Editing Film Like a Pro (Part 3): How Repetition and Rhythm Shape Video

Cut film Repetition and rhythm
From the secrets of the pros | © Montage: filmpuls.info

Craft and artistic aspects of film montage can be considered not only in terms of content, but also from a purely formal point of view. Thanks to rhythm and repetition, montage, which is shaped by formal principles, has a very special power over the effect of the film image in film editing.

Montage as a formal principle in film editing is not only found (excessively) in art and experimental films. Alternating with other principles of montage, formal editing can be found in the rhythm of every film or video thanks to the principle of repetition.

You need to know

  • Repetition of a setting can underline – or refute – a substantive statement. It can thus have the character of either a monologue (no disagreement) or a dialogue (disagreeing statements).
  • Repetitive film sequences work because the viewer unconsciously establishes a relationship between all the shots. He tries to make sense of film editing and interprets the montage.
  • Movements determine the rhythm of a film. They can already be created in the production or only arise during the editing of a film.

Repetition in editing: dialogue or monologue

Settings can be mounted repetitively one after the other for purely aesthetic reasons. The outer form of the image dominates the content. The great experimental documentary“Samsara” (2001) by Ron Fricke and Mark Magidson largely follows this principle.

The juxtaposition of shots, as a collection of images in film editing, can lead to a unified message or to contradictions. In this way, the repetition can take on the additional character of a monologue or a dialogue.

In the form of the monologue, the settings are similar in form, content, motif or movement. This is different for dialogue, where the settings in repetition have no formal commonalities and additional conditions.

Repetitive montage when editing movies

Settings in the repetitive montage are always in a reciprocal relationship in film editing.

Because man always and everywhere by nature wants to recognize patterns and meaningfulness, he searches (similar to parallel montage) for the meaning of repetitions. This is irrespective of whether or not such is intended by the concept and the creators. This is essential for the editor.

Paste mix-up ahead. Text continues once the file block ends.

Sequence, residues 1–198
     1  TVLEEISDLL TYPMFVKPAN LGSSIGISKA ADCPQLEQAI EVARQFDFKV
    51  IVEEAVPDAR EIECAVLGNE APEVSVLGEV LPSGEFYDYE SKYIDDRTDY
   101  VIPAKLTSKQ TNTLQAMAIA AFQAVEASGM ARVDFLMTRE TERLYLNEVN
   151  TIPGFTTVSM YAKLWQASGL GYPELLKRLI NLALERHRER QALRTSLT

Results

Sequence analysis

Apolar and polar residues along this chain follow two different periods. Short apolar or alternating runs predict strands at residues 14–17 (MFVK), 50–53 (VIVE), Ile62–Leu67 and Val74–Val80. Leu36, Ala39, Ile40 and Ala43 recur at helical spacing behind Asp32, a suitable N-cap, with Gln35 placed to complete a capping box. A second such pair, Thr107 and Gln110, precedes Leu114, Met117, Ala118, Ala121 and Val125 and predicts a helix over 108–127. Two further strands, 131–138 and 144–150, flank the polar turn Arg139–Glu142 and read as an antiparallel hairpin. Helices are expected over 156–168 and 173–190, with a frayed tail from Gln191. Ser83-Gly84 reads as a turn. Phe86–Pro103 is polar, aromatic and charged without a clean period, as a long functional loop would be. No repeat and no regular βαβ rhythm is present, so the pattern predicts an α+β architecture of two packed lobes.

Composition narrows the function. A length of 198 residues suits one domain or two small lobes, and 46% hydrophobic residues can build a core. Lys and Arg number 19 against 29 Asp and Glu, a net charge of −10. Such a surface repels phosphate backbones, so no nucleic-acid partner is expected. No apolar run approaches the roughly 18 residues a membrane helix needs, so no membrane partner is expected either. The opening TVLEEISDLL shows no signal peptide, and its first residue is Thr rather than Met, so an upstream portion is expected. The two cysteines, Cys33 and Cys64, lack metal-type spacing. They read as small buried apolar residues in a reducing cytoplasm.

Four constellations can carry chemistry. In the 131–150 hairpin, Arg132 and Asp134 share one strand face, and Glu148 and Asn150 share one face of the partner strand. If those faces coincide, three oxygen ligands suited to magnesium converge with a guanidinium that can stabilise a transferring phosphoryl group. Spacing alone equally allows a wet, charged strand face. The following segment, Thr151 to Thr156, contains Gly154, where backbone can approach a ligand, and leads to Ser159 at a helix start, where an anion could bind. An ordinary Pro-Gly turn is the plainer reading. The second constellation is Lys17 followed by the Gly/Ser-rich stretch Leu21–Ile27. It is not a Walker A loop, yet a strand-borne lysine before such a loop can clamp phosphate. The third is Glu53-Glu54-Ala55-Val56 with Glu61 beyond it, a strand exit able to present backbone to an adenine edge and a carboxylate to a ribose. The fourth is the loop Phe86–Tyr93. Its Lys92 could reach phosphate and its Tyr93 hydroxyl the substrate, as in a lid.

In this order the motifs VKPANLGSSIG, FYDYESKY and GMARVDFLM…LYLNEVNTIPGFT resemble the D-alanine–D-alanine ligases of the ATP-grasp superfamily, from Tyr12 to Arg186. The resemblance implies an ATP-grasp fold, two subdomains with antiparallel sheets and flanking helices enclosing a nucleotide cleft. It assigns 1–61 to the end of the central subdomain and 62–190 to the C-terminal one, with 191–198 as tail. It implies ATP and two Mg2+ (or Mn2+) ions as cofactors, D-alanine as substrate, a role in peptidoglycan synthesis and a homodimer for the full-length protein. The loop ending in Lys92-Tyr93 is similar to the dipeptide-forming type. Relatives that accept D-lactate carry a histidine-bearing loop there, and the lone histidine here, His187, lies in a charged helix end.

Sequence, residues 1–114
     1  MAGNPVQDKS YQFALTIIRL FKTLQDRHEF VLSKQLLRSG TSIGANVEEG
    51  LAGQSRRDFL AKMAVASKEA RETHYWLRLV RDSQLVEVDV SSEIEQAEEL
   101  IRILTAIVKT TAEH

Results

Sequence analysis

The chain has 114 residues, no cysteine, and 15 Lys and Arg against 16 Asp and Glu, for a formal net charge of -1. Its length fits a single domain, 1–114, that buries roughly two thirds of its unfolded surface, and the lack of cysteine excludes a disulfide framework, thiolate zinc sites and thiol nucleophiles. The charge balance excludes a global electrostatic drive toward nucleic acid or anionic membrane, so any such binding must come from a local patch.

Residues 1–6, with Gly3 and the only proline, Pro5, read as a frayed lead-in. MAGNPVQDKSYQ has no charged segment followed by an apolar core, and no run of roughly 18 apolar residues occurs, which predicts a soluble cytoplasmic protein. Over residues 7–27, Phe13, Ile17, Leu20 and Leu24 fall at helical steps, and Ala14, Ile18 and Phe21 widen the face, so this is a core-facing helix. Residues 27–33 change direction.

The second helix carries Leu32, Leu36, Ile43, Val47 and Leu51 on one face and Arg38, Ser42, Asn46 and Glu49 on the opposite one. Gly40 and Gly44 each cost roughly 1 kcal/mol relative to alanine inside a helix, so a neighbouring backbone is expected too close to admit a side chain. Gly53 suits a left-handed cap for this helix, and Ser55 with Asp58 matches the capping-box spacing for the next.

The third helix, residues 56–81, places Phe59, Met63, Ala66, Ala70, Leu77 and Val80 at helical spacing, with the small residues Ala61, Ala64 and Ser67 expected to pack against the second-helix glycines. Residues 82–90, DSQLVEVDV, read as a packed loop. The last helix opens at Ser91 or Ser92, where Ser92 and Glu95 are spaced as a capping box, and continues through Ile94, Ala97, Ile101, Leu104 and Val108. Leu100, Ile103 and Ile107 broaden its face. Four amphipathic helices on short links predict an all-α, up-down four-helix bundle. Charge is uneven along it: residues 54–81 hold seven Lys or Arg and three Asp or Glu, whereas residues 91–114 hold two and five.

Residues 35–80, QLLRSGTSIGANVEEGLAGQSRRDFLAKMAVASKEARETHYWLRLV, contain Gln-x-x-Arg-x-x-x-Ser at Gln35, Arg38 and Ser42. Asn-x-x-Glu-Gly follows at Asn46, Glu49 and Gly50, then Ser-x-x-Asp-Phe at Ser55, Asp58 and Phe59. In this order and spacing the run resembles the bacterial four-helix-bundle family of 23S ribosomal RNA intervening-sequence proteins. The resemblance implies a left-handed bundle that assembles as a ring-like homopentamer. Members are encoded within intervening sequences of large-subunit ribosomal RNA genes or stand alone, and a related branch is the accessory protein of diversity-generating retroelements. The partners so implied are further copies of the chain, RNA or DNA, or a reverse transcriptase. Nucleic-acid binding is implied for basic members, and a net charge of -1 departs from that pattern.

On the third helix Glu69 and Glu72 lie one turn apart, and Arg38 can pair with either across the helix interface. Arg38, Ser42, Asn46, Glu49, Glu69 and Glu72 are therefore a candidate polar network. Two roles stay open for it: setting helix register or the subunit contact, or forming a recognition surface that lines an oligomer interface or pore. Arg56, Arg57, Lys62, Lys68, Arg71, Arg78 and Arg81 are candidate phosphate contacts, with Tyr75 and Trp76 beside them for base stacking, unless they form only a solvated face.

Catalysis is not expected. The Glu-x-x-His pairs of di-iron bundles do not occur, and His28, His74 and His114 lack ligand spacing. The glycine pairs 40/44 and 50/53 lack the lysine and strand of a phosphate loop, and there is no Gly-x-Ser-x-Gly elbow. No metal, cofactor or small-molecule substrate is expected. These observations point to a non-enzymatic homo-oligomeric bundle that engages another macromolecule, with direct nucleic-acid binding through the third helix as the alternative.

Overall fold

Montage is visual language gained from the field of dynamics, speed, energy and power.
Jean Mitry

That is why leitmotifs in film editing only become a recognisable pattern for the viewer through their repetition. The leitmotif does not have to be repeated within a single image in order to be recognizable as such, as is the case with photographs.

However, the use of repetition is not limited to formal areas. In film editing, leitmotifs can also take the form of an emotion and lend a film a supporting basic feeling.

Cut film: Rhythm is movement

The rhythm of a film is not exclusively dependent on the montage. Movement plays an equally important role in the picture. As a principle of form, rhythm is usually manifested as a rapid succession of short cuts. Many quick fragments of reality assemble them into a new reality with the intended effect.

Rhythm can also be used as a montage principle in film editing to make an attitude to life tangible for the viewer through the editing in the film.

But regardless of how it is defined, and regardless of the genre, talent, and expertise of the editor, when it comes to film and video editing, cinematic rhythm cannot be measured with mathematical precision.

Unlike photos, the rhythm of a film only becomes apparent in the editing process. But not only.

Also the way the camera is directed, the movements of the actors, the staging of the director, even the speech tempo of the off-commentary or the way the dialogues are interpreted and of course also the image and the music determine the beat of a film.

Time changes are rhythm changes

The use of slow motion (extreme slowing down of a film image) or fast motion (extreme speeding up of the image) can also be stylistic for the rhythm in film editing. Originally from Hong Kong, director John Woo (“Face Off” and others) was celebrated for many years in Hollywood for his slow-motion shots of white doves lying on the ground in his action films.

All these elements help to make rhythm more than the sum of its parts. Behind every cut in film editing there is always a cutter, in German usually called Schnittmeister or Editor. As the main person responsible for editing, he or she shapes the cut with his or her handwriting, knowledge and talent in consultation with the director. Without it, creating a movie or video is not possible.

The phenomenon of the invisible cut

One of the formal design principles in film editing is the correct use of invisible editing. In communication with film and video, we always speak of an invisible cut when a film is obvious to the human eye, but is not perceived as disturbing by the viewer in the flow of the plot and the narrative.

The invisible cut is not to be confused with the hidden cut. The hidden cut tries to conceal the transition between two settings. This is also part of editing a film.

Continuation of the series

The contents of the Film Editing series at a glance:

For more on editing film, check out the article on 10 Good Film Books.

This article was automatically translated into English using AI. If you would like to help us improve the quality, we would be happy to hear from you.

Pavel Sokolov
About Pavel Sokolov 49 Articles
Pavel studiert Film Editing. Er mag François Truffaut, Terrence Malick, Dr Pepper, seinen Thermaltake View 71 TG, Musik von Seeed und alle Dinge, die mit der Farbe Rot zusammenhängen, aber keinem Lebewesen Schmerzen bereiten.

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